Cropper said, “One of the things that I tell and encourage our people is that prayer and God also can go along with medication or whatever therapy you may need.” Along with his spiritual leadership, he also encourages people to get the help they need from mental health professionals. Turner-Freeman added in the chat box, “You can have Jesus and a therapist. God is not intimidated by the gifts he’s given his people.”
Cropper said the mental health crisis extends to clergy and pastors as well, “and that goes to show us that we need more than prayer, we need more than God. We know He is our ultimate source and all of that, but we also need some other things to help to assist us until God brings that great deliverance.”
One participant commented that spirituality can have a positive impact on mental health, as a “holistic approach” to find the “deep center within the self” that people can draw on. It was noted that some have used the time of isolation with the COVID-19 pandemic to go deeper within themselves, and “find the strength to deal with things instead of letting them overwhelm them.”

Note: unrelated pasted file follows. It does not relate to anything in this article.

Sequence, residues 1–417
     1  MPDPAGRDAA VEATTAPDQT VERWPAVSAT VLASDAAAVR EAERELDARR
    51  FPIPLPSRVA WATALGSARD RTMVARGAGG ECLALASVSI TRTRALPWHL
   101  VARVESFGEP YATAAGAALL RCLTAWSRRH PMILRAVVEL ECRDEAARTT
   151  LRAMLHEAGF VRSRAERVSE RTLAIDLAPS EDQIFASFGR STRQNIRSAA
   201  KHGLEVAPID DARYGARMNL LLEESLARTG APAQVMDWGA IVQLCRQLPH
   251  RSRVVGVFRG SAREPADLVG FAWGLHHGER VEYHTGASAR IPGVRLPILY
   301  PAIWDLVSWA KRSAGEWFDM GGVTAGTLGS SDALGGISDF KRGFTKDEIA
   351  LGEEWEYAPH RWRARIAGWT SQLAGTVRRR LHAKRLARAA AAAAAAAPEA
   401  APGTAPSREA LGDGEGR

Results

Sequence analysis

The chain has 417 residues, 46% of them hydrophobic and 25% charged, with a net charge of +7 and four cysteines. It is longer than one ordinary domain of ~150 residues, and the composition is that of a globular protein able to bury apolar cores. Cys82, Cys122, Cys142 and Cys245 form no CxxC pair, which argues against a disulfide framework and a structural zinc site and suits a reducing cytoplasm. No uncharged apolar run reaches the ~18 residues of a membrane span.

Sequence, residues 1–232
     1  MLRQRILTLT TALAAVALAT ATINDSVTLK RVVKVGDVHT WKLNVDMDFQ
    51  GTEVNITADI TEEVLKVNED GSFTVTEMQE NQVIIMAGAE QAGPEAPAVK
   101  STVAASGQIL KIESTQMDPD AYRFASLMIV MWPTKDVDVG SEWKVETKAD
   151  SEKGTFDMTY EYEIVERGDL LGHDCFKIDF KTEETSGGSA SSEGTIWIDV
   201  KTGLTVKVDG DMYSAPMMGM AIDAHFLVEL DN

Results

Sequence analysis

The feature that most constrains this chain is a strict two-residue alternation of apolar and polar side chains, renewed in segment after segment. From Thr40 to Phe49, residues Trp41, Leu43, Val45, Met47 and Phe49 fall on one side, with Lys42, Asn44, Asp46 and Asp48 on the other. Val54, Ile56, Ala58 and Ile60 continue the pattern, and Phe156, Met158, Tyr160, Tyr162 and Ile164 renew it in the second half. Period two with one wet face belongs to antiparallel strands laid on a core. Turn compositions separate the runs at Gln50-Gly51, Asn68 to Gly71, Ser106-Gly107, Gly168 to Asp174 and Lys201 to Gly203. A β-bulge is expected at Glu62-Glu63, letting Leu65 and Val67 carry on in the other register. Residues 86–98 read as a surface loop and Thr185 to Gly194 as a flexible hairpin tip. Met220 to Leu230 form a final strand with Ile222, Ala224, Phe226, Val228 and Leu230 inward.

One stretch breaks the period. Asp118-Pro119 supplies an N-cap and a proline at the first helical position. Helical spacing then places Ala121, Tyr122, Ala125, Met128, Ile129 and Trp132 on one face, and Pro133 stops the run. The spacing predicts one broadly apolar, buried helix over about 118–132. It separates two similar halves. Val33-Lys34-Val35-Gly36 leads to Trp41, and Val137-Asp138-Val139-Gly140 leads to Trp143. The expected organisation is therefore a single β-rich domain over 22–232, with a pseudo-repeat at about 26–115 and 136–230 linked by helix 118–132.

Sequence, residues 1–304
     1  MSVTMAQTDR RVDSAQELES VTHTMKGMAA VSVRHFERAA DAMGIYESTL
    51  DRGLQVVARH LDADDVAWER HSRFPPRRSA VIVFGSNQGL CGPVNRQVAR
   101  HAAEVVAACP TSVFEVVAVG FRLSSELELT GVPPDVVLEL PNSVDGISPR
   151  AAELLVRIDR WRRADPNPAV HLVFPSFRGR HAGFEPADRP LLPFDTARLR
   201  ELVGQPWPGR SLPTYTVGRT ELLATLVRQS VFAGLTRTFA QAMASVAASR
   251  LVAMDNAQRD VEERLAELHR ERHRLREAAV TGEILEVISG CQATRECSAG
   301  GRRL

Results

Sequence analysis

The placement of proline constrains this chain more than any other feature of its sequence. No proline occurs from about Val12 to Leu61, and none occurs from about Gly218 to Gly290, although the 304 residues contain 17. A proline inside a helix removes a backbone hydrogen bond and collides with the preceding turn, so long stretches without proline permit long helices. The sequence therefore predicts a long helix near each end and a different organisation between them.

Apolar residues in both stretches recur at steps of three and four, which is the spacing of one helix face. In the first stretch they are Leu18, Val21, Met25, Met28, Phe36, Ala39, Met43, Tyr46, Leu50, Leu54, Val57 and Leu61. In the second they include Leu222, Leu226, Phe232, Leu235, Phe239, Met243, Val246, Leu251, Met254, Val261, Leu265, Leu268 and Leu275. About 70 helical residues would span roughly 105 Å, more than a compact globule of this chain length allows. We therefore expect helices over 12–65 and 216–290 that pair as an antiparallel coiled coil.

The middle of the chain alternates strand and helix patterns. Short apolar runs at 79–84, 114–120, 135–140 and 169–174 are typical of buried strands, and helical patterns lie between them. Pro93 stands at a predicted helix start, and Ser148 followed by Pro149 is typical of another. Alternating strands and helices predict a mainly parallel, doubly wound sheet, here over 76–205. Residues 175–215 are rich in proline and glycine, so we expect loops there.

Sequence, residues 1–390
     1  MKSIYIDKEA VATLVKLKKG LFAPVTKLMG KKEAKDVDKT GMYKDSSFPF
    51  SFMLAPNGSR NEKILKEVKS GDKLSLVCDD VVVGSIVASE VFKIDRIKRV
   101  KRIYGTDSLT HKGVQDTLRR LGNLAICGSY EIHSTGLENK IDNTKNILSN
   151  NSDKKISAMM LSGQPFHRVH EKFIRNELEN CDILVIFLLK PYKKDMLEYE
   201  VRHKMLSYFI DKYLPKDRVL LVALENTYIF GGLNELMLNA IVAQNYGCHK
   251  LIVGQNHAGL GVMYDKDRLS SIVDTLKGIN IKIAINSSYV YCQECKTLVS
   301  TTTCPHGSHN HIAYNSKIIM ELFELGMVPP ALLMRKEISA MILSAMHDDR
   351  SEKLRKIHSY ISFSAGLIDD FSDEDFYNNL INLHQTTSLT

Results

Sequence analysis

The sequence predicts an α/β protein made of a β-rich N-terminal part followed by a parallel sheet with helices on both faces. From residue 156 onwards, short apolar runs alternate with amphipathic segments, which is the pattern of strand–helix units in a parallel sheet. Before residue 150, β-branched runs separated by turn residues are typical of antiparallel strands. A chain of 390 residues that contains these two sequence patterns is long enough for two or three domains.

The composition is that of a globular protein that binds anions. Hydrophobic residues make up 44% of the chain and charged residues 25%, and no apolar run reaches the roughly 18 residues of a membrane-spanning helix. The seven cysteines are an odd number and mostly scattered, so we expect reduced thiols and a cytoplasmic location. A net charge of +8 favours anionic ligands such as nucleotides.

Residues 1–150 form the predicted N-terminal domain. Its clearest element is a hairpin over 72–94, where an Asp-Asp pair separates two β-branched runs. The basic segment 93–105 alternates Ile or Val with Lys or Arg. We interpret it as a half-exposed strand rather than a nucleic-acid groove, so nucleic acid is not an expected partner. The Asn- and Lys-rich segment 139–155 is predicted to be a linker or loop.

What you can do
Panelists discussed a variety of ways they encourage people to care for themselves and each other to build resilience. They all emphasized the importance of reaching out for help. “Normalizing the conversation when someone says that they’re struggling or that they’re feeling down or depressed” and validating that feeling, and “acknowledging that we do all struggle” are key components of mental health, according to Wayne.
If finances are a barrier to getting help, Wayne said, “reach out and we’ll figure it out.” There are always resources available, he said. If Turner-Freeman isn’t able to help a patient, she said she will reach out to her network and find another professional who can. Criswell mentioned free grief and loss support groups that are available through the hospice network, and added that therapists will sometimes offer a sliding scale for services.